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Winter Tyres

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    Winter Tyres

    Hello Ant,

    Perhaps you could advise us. With all the snow about just now, we are
    hearing talk on the radio of winter tyres to give better grip. (but to advise your insurance company of the fact).

    Because of the volume of snow we have had, we have not been over the door for 2 weeks plus. Living in the country, we always have plenty of supplies, main problem being I had an operation recently and couldn't push etc. if we went out and got stuck in the snow.

    As this is just the beginning of winter, if we get a repeat of last year, wefeel the tyres a good bet. Is this a thing we could do for our R20?


    Hi Margaret.
    The novelty soon wears off doesn't it, I've never worked so hard carting water by the bucket load to my cattle and pigs ( 60 gallons a day) because the troughs have frozen. As for winter tyres, true winter tyres have metal studs in them and are a legal requirement in some alpine regions of Europe so I'm sure they would be available somewhere for the Berlingo. 175- 14 "Town and Country" tyres I've also seen with chunky tread for snow and muddy conditions. They're not a guaranteed way to get grip in snow, many of the high grip tyres are only effective if a certain speed is maintained as they rely on the treads being flicked clear of mud or snow before coming back into contact with the road. As soon as the tread is full and blocked they're no better than what you've got, and on ice only the studded tyre can help. Providing you keep to the tyre size originally fitted there's no problem to using high grip tyres in winter conditions, you will need to buy a pair of new wheels and swap them over in the winter as high grip tyres on good tarmac wear very quickly and make a hell of a noise. Chains are the other option, but they can be difficult to fit properly and can lead to damage if they're not.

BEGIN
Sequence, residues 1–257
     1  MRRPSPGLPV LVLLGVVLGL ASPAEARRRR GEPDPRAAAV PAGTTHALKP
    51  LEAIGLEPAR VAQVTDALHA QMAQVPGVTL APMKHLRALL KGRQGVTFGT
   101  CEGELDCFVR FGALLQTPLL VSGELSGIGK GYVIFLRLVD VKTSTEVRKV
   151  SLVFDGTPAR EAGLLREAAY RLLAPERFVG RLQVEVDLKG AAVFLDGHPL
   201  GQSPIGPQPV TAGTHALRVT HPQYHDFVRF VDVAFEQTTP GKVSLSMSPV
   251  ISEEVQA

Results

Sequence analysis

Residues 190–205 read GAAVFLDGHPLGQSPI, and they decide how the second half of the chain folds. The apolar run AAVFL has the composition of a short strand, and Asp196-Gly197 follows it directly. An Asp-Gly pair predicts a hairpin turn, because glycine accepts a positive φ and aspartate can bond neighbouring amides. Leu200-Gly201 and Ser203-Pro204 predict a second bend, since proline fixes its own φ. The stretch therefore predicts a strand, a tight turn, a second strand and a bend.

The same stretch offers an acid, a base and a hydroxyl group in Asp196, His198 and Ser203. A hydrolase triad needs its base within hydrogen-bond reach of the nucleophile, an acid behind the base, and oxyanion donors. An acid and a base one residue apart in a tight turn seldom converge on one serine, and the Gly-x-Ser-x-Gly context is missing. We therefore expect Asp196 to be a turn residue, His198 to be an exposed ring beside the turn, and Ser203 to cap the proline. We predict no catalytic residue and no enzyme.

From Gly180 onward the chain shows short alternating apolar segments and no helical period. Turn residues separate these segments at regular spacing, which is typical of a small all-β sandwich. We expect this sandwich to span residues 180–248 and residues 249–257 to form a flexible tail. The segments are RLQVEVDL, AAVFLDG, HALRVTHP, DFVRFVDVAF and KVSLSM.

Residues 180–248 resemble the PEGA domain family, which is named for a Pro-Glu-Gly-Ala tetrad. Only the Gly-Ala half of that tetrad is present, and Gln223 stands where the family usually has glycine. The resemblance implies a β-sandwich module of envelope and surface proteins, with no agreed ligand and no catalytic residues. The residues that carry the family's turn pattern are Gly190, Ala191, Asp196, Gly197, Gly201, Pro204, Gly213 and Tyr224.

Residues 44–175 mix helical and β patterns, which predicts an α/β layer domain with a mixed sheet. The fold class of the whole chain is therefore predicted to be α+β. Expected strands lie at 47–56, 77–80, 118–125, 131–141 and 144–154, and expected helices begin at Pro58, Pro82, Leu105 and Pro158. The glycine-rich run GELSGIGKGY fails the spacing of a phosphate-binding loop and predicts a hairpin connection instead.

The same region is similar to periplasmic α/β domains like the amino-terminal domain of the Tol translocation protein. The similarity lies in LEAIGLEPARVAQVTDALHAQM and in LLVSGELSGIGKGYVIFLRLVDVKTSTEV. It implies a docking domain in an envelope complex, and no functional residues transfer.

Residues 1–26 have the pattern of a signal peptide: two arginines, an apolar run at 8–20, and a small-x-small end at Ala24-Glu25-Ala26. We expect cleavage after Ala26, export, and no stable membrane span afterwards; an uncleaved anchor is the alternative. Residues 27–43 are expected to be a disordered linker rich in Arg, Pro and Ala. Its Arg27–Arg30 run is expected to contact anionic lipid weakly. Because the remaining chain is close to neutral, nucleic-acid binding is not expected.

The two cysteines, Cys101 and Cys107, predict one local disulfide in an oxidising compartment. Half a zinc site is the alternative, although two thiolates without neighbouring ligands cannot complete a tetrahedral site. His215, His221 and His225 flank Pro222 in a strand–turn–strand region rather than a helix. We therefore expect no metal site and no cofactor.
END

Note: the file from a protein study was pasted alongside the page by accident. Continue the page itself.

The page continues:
Worth looking into in more detail before the winter has another go.


      There's also a product called a snow sock for winter driving, lightweight and kept in the boot, easy to put on.. They are around £50 a pair though and they have sold out recently. There was a report on the various types on last night's One Show, which should be on the BBC i-player from tomorrow.

      They look pretty good and from all reports, do what they say on the box!


        Snow Socks

        snow socks have been around for some time,early versions were tied onto the wheel will a purse mouth cord and were made of nylon string like a string bag.
        My Brother is a german living in the snowbelt,he got these years ago,they only work at slow speed,if you wheel spin you shed them off,hard ice shreds them up, and as Ant said with reference to chunky tread,once full of ice they stop working.
        Studded tyres do work and are mandatory in parts of europe when the road surface is frozen hard enough not to be damaged by them, so usually you wait until it is announced on local news that you can put them on and you take them off when told too.your insurance requires you to do this, but in the UK any tyre that can damage the road surface is illegal, that technically includes chains and most insurers only regard them as a get out of trouble fix for short term slow speed use.